Thursday, 31 December 2009

Happy 2010!

Don't diet this year... and you won't have to beat yourself up... Eat healthy, stay active, and have a wonderful New Year!

"May all your troubles last as long as your New Year's resolutions!"
-Joey Adams

Friday, 18 December 2009

How to choose a good cereal

A better cereal choice will have

At least 4 g Total Fibre per 30 g serving.

Less than 1-3 g fat per serving - some granola-type cereals* can have up to 5 g per serving!

Less than 10g sugar per serving.


The first ingredient should NOT be sugar.

The first ingredient should be a "whole grain"- the word "whole" should be present.

*A better granola-type cereal will have fruit and nuts listed on the ingredient list before sugar and oil.

Let's look at a few examples:



Rice, wheat gluten, sugar/glucose-fructose,defatted wheat germ, salt, malt (corn flour, malted barley), vitamins (thiamine hydrochloride, niacinamide, pyridoxine hydrochloride, folic acid, d-calcium pantothenate), iron. BHT added to package material to maintain product freshness.

Ok... Special K's Ingredient list: sugar is not the first ingredient which is good, but the first ingredient is not a whole grain, not so good.

A look at the label, and although there is no fat, there is also no fibre... no good.

All in all, not the best choice- not horrible, since there are only has 2g sugar per serving, but definitely not the best.


Ingredients: Whole grain wheat, BHT is added to packaging material to preserve product freshness.

Shredded Wheat:
Whole grain is the first (and only!) ingredient on the ingredient list- great!!

The label shows that, per serving, there is only 1g fat, 0g sugar and a great 6g total fibre!!

Excellent choice.

CASCADIAN FARM- Organic Oats & Honey Granola

Ingredients (all organic): Whole grain oats, sugar, crisp rice (rice, sugar, sea salt, malt), sunflower oil, whole grain oat flour, molasses, maltodextrin, honey, sea salt, vanilla extract.

So... First ingredient is a whole grain, which is good. However, a look at the label and there are 6g fat and 14 grams sugar per sugar- too much- and only 3 g fibre- not enough.

Not a good choice!

Tuesday, 15 December 2009

Drinking yourself fat

Augh... disgusting, eh?
But yeah for the NY Health Department for being pioneers in health promotion!

New Yorkers will all start seeing these ads in the next year as well.

Remember that milk can fatten you up too though...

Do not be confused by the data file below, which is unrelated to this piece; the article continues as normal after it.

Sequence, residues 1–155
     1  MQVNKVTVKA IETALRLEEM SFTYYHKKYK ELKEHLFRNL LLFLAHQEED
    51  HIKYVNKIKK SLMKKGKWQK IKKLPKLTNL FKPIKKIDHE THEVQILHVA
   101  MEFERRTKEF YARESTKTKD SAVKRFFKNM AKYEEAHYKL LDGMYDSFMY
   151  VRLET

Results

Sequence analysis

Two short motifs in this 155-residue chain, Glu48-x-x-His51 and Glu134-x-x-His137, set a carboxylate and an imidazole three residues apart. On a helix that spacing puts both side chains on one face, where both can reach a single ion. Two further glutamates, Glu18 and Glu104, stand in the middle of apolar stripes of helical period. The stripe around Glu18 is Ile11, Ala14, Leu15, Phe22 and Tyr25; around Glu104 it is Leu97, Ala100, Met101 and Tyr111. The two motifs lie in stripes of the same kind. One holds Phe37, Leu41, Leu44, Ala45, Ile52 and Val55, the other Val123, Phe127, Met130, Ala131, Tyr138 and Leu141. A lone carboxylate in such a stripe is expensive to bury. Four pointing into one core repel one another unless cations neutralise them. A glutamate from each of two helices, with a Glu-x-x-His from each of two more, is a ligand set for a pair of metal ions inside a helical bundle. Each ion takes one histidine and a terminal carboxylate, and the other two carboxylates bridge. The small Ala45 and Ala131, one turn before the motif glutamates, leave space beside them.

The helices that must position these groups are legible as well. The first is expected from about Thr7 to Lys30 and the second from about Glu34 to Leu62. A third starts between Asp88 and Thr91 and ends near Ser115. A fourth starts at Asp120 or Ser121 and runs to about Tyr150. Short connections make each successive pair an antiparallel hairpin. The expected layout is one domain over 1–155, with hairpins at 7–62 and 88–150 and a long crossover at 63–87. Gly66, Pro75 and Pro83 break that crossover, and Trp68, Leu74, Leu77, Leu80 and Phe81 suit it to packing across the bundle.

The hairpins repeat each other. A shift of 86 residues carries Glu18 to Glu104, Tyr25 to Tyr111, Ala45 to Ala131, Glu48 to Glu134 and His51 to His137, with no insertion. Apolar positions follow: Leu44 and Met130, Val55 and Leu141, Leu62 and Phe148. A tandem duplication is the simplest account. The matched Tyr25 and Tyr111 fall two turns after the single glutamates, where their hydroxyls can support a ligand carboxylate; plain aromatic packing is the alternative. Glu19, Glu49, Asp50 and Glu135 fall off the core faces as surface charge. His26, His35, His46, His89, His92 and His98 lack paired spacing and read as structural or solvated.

If you currently drink 2 cups 2% milk a day, did you know that if you switched to 1%, you would lose 4 lbs a year?

And that if you switched to skim milk, you would lose just under 8lbs a year?

Don't drink yourself fat...

Sunday, 8 November 2009

Keep eating to keep the economy afloat

According to this obesity economist (since when is this a profession?!), Americans' expanding waistlines are helping boost the economy- in the short-term anyway.

Watch CBS News Videos Online

Wednesday, 21 October 2009

Learning to love my gums

I did this for a health behaviour challenge (class work). I'm presenting it today and am paranoid I won't be able to load this video... so I'm putting it here just in case!

This doesn't have anything to do with food or nutrition but...
Did you know that flossing could help prevent heart disease? I learned something new!

Wednesday, 14 October 2009

The Fun Theory

This is great!

A pilot study in Sweden found that when sedentary people took the stairs for 12 weeks,

  • VO2 max (used to measure aerobic capacity) increased by 8.6%,
  • Mortality risk decreased by 15%,
  • Body fat decreased by 1.7%,
  • Waist circumference decreased by 1.8%,
  • Diastolic blood pressure decreased by 2.3%, and
  • LDL (lousy) cholesterol decreased by 3.9%!

Visit for some more fun.

Monday, 5 October 2009

Sacré Bleu! McDonald's in the Louvre?

Yup. It's True.
The home of the Mona Lisa will become home to France's 1142nd McDonald's chain.
George Stroumboulopoulos of CBC's The Hour brought up a good point:
Isn't anybody worried about having the Hamburglar inside the Louvre?

Thursday, 1 October 2009

Preventing a second, or a first, heart attack: Part 3

Eating the right type of fat.

Our dietary fat intake has actually decreased over the years... but heart attack and strokes have increased.

Obviously, fat isn't the enemy and, in fact, including the right type of fat in your diet can help decrease your risk of having a first, or a second, heart attack or stroke.

Unsaturated fats include:

Monounsaturated fat-
Olives, olive oil, canola oil, peanut oil, nuts, seeds, natural peanut and seed butters and avocadoes.

Polyunsaturated- Fish and corn, soybean, safflower, sunflower, soybean and cottonseed oils.

Replace the Bad with the Good

Replacing saturated fats or carbs in your diet with unsaturated fats has been
shown to decrease the 'lousy' LDL cholesterol (the one that clogs up your arteries), prevent the increase in triglycerides (the fat that's in your blood) that has been linked to heart disease and that increases with high refined carb intake (sweets, desserts, white bread, white pasta, white rice etc.), reduces the risk of blood clot formation, and decreases erratic heartbeats- the main cause of sudden cardiac death.